Dear Carleton:

(This letter was recently sent from a Carleton alumnus to President Poskanser, regarding his decision to withhold donations to Carleton until the Board of Trustees votes to divest from fossil fuels.  Instead, as he notes, he is contributing to the Carleton College Fossil Free Fund.  He has given us permission to share his letter so that others can consider taking this action and sending similar communication.)

Dear Alumni Office and President Poskanzer,

I am writing to inform you that I have ceased donating to Carleton until the college pledges to divest its endowment from fossil fuel holdings. I would therefore like to inform you that I have just donated to the Carleton College Fossil Free Fund. I intend to continue donating to this fund until Carleton divests, at which point my prior donations will be available to the college, and I will be pleased to resume donating directly.
Climate change is the great moral crisis of the century. Hundreds of colleges/universities, cities, religious institutions, and foundations around the world are awakening to the realization that fossil fuel companies not only have a business plan that is reckless, but they are also using their political power to deceive the public and block meaningful action. We will look back on this period in much the same way we do the campaign to divest from apartheid South Africa. Carleton stands for so much that is right in the world, and it has taught so many to think critically, rather than passively accepting the status quo. I do not want to see Carleton standing on the wrong side of history any longer.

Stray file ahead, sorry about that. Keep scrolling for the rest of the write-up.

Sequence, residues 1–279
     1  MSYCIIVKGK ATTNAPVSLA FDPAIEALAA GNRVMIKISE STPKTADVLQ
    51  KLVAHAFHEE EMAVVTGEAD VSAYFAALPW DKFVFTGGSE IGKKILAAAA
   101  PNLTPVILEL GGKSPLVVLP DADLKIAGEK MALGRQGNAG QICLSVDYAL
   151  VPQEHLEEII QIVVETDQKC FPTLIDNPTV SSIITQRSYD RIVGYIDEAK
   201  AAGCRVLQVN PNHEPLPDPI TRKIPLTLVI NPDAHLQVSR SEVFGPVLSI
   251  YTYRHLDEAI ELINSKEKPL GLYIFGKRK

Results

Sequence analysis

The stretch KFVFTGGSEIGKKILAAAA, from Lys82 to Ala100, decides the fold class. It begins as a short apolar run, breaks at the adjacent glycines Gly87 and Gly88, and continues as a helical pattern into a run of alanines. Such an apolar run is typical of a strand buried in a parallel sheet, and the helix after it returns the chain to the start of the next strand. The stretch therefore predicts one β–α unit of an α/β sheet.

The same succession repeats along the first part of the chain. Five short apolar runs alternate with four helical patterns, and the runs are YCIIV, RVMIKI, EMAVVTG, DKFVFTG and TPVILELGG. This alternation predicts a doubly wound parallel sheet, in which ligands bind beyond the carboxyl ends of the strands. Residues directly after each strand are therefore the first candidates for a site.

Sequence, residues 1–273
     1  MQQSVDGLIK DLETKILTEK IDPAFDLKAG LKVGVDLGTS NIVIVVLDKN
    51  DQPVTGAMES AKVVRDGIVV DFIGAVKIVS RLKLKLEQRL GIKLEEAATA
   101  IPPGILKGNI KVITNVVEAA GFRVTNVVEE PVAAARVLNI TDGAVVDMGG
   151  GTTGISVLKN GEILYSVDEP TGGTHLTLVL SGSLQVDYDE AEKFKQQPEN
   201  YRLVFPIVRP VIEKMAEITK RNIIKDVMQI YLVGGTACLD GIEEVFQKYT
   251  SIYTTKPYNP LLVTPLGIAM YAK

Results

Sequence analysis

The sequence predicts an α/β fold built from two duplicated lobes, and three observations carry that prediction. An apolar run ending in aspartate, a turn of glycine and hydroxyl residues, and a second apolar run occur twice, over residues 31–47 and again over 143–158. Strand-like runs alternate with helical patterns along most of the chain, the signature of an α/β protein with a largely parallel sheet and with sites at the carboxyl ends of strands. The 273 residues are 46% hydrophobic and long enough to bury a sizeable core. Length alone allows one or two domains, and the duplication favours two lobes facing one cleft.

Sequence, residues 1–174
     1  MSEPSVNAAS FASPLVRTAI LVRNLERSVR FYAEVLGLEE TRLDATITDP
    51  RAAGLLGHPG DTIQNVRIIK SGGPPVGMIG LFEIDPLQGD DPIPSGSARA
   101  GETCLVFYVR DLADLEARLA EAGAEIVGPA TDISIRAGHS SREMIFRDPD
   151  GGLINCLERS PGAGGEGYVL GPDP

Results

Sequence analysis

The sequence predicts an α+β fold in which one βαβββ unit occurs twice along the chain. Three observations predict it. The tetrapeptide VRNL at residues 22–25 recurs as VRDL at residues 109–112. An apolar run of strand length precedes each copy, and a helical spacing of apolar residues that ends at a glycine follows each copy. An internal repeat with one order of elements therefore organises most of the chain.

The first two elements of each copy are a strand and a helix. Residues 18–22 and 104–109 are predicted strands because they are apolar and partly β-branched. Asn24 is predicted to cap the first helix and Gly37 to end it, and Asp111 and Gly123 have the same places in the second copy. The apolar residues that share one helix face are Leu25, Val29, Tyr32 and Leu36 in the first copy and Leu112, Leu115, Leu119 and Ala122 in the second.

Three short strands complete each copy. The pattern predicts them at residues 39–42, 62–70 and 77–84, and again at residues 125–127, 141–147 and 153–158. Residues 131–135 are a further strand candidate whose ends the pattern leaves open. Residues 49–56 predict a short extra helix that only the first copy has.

I was a member of the college’s Environmental Advisory Committee as a student, and I know about all of the great things that are being done to make the campus more carbon-neutral and environmentally-friendly. These are commendable measures that should continue, but they are in no way an excuse for refusing divestment. The social license that Carleton provides to fossil fuel companies through its investments do far more damage than our wind turbines or composting program could ever offset. Avoiding divestment by not wanting to be too “political” is simply not a honest position. When you are investing in and profiting from companies that are fueling disinformation and obstruction, that is in itself a political act — and one that Carleton should not be proud of. And if the intention of continuing investment is to maintain a voice a shareholder, one need only to look at the example of the the first family of oil, the Rockefellers, which tried and failed for years to get Exxon to take climate change seriously — before choosing to divest.
There is no tweaking around the edges that can make fossil fuel companies responsible actors worthy of investment; their basic business plan is incompatible with a safe climate and stable society. Simply put, wrecking the planet is wrong, and it is wrong to profit from that wreckage.
I look forward to the day when I can continue to donate to my beloved alma mater. I am absolutely certain you will find overwhelming support and praise when you choose to do what is right.
Ben Cushing
Class of 2012